How to Feed a Severely Neglected Rescue Horse

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rescue horse, starving horse, malnourished horse, neglected horse, dr getty, juliet getty

By Juliet M. Getty, Ph.D.

When we can offer a safe, caring home to a severely neglected horse, everyone in the horse world cheers. If you have recently adopted a rescue horse, let me first commend you for your actions. Saving a horse that is in desperate need of care and nursing him back to health can be one of the most gratifying experiences a horse owner can have. But you must be committed to giving him a lot of time and attention. The transition period is critical. He’ll need to be moved in and out of pasture throughout the day, fed hay nearly every couple of hours, and given frequent supplemental meals until he gets to where he can hold his own.

If your horse is very thin due to starvation, you will want to proceed slowly and with caution, giving his body a chance to adjust to change with each step. Some horses are in such poor condition they are unable to eat. In this extreme situation, your veterinarian will use a stomach tube to feed the horse. This is a short term procedure with the goal of getting your horse interested in eating again.

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Photo (above): After two weeks, the horse should be able to graze on pasture 24/7, and have free-choice hay available. Photo credit: ©CanStockPhoto/Ankimo

Ulcers can complicate the rehabilitation process. Retired race horses almost invariably have ulcers. Your veterinarian may prescribe an ulcer medication, but this can only be used for a month or so. The three long term components of healing an ulcer are: chewing on hay or pasture at all times, plenty of water, and reduction in stress.

Your ultimate goal is to allow your rescued horse to graze freely, as much as he wants, on hay and/or pasture. You’ll want his forage to include a legume such as clover or alfalfa. But take your time — you can’t just put him out on pasture right away if he’s been severely deprived. No matter how gratifying the sight of him grazing 24/7 will be, you must allow time for his digestive tract to adjust to the influx of food. The microbial population in his hindgut is not adequate for fibre digestion; too much, too soon and he may colic or founder.

Here is my recommendation for an 1100 lb horse (his normal weight):

  • Give him a probiotic, at a double dose, every day for approximately one month; then reduce the dosage to a maintenance level.
  • Start with one pound of grass hay every two hours, or pasture grazing for 30 minutes with an hour break in between. At night, leave him with four pounds of hay, plenty of water, and a plain, white salt block along with granulated salt, offered free-choice.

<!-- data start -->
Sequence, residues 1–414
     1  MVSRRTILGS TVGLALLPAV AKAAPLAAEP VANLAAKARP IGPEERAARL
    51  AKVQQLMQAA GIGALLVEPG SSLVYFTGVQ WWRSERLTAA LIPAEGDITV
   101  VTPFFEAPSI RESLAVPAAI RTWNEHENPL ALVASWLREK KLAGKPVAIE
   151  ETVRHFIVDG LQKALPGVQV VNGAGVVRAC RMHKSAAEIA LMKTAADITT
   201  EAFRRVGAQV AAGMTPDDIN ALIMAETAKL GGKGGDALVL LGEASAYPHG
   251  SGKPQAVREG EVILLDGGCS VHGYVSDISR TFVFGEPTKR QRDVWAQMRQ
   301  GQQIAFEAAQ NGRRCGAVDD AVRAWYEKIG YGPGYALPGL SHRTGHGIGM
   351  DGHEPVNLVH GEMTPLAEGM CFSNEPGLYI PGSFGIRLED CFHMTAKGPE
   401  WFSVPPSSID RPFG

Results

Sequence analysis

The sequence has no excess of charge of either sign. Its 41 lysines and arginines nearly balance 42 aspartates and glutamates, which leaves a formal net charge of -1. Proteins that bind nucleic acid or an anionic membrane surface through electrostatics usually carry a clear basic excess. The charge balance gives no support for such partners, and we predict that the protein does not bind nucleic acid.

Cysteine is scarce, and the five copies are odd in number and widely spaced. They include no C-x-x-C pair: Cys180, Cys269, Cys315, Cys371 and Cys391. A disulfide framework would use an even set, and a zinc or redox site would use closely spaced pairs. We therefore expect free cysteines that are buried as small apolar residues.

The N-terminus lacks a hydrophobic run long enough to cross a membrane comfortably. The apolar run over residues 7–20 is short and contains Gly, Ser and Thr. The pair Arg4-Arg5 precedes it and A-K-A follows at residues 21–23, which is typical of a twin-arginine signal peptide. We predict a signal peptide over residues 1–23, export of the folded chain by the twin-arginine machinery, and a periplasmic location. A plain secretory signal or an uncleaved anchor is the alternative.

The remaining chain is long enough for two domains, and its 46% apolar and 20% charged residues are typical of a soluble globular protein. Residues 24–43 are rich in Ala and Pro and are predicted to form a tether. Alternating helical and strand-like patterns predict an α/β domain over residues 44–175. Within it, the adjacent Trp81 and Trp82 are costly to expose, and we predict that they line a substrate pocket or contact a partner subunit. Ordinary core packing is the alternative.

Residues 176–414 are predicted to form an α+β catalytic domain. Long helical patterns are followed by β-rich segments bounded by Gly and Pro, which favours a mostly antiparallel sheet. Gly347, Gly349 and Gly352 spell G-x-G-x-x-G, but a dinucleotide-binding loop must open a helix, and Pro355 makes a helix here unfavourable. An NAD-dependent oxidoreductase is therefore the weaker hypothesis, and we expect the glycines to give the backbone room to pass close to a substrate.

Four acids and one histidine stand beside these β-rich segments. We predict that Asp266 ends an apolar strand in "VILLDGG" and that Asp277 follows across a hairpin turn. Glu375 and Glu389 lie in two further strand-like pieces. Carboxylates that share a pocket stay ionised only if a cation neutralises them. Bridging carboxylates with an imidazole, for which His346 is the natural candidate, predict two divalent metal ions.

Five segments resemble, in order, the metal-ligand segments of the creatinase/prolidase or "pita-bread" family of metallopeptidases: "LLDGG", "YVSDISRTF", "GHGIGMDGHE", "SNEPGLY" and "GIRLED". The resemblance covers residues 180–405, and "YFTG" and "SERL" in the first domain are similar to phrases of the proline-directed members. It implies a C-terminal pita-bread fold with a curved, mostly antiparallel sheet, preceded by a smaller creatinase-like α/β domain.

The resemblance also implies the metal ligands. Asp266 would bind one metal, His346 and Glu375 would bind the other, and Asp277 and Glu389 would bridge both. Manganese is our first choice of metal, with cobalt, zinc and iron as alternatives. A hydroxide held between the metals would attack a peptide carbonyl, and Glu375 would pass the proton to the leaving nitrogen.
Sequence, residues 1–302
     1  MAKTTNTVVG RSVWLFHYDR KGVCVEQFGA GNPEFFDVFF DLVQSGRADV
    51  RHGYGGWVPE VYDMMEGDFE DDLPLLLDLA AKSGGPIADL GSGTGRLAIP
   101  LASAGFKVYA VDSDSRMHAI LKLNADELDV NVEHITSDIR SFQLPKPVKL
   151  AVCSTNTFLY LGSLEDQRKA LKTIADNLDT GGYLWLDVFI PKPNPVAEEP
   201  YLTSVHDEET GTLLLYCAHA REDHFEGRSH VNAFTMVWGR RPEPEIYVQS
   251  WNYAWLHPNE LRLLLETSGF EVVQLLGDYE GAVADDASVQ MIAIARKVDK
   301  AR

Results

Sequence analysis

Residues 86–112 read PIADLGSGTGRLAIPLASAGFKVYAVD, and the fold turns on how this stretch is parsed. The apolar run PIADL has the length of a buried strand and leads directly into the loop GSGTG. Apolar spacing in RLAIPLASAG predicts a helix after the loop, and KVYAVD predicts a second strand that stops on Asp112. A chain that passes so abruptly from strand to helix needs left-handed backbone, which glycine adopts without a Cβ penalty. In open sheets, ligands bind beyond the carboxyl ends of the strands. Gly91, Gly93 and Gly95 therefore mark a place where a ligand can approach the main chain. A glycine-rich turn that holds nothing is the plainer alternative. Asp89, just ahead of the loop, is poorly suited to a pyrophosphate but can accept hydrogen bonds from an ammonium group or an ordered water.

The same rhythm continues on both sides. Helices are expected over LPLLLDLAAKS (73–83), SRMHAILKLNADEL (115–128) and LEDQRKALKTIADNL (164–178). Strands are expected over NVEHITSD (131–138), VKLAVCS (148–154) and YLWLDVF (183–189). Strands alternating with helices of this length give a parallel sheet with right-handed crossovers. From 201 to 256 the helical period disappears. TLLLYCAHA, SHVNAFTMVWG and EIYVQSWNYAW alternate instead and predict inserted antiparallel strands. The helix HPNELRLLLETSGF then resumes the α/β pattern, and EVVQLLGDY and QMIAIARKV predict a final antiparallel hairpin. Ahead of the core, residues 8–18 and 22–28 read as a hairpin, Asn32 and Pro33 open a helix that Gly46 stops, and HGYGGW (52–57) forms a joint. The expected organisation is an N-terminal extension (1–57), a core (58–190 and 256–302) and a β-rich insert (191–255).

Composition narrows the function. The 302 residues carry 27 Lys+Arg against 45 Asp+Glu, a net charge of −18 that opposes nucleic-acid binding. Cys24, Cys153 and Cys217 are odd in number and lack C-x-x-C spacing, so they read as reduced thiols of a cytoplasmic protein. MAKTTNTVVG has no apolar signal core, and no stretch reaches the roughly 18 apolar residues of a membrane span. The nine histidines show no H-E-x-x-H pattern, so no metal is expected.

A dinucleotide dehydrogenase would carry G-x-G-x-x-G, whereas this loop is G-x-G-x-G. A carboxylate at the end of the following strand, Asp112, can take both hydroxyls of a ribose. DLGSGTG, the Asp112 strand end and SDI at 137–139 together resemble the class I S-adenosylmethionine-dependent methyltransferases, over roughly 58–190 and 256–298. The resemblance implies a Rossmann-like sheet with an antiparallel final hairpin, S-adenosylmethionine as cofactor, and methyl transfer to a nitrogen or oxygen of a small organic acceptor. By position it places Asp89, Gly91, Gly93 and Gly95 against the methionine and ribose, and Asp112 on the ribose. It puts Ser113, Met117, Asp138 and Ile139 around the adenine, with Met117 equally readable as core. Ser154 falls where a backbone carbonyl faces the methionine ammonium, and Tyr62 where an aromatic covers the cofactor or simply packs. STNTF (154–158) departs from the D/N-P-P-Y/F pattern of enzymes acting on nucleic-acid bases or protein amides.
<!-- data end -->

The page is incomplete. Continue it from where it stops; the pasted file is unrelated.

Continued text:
• After three days, increase the amount of hay to two pounds every two hours and give him eight pounds of hay at night.
  • By the end of two weeks, he should be able to have hay available free-choice or graze on pasture 24/7. Be sure he has enough at night to last him throughout the night. There should be some hay left over in the morning.
  • Starting at week three, add alfalfa to his hay ration. Start with one pound per day for three days, and add one more pound every three days, until you reach a total of eight to ten lbs per day. If you’re not able to obtain alfalfa hay, get hay cubes. Break them into small pieces and let them soak for a few minutes. Feed them as a snack throughout the day.

Also starting at week three, you’ll want to begin feeding him six small meals each day. You can use a commercial senior or performance feed that contains 14-16 percent protein, at least 18 percent fibre, and at least 8 percent fat. Each meal should contain:

  • Four cups feed (weighs approximately one pound or .5 kg)
  • 1/4 cup (60 ml) flaxseed meal (stabilized, commercial product is best)
  • 200 IU Vitamin E (you can get capsules in your local pharmacy)
  • Probiotic (double dose, spread over six meals)
  • 500 mg of Vitamin C

Gradually decrease the number of meals, every two weeks, but increase the amount of feed in each meal so that by the end of one month, in addition to a full ration of forage, you are providing two to three meals per day, with no more than four pounds of feed per meal. Maintain supplements and if your horse is older than 16, provide additional vitamin C. 

The upside to the time and attention — in addition to seeing your horse regain his health and vibrancy — is that you will get to know your new horse very well, and together you will enjoy many good years ahead.

Dr. Getty provides a world of useful information for the horseperson at www.gettyequinenutrition.com. Sign up for her informative, free monthly newsletter, Forage for Thought; browse her library of reference articles; search her nutrition forum; and purchase recordings of her educational teleseminars. And for the growing community of horse owners and managers who allow their horses free choice forage feeding, Dr. Getty has set up a special forum as a place for support, celebrations, congratulations, and idea sharing. Share your experiences at http://jmgetty.blogspot.ca. Reach Dr. Getty directly at gettyequinenutrition@gmail.com.

Main Photo: Photo: Dawn Vogler/Flickr

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